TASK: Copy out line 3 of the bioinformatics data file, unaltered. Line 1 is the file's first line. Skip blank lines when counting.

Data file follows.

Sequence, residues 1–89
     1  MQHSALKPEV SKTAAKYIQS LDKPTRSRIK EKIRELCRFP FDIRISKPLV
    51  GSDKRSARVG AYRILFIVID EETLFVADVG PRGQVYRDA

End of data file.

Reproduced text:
    51  GSDKRSARVG AYRILFIVID EETLFVADVG PRGQVYRDA